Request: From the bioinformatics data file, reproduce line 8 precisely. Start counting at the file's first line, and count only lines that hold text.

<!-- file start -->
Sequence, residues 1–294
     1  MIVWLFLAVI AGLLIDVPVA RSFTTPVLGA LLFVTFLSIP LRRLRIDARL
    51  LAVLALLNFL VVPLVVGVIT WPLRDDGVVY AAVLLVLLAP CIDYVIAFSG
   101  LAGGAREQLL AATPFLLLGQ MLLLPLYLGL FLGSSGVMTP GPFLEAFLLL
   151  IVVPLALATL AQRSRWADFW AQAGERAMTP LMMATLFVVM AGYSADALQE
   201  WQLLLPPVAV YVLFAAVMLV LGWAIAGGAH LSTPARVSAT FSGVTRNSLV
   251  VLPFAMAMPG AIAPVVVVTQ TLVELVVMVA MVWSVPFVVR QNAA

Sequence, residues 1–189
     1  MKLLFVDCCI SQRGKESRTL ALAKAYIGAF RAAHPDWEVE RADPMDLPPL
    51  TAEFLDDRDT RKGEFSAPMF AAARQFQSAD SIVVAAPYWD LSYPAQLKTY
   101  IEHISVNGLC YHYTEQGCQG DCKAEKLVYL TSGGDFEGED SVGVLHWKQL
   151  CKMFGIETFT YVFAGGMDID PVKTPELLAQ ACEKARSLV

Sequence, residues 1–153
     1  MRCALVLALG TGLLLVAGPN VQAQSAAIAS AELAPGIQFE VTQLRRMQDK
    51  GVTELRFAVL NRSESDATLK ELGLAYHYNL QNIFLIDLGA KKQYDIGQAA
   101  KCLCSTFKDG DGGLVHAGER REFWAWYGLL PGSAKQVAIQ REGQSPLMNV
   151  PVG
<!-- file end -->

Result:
Sequence, residues 1–189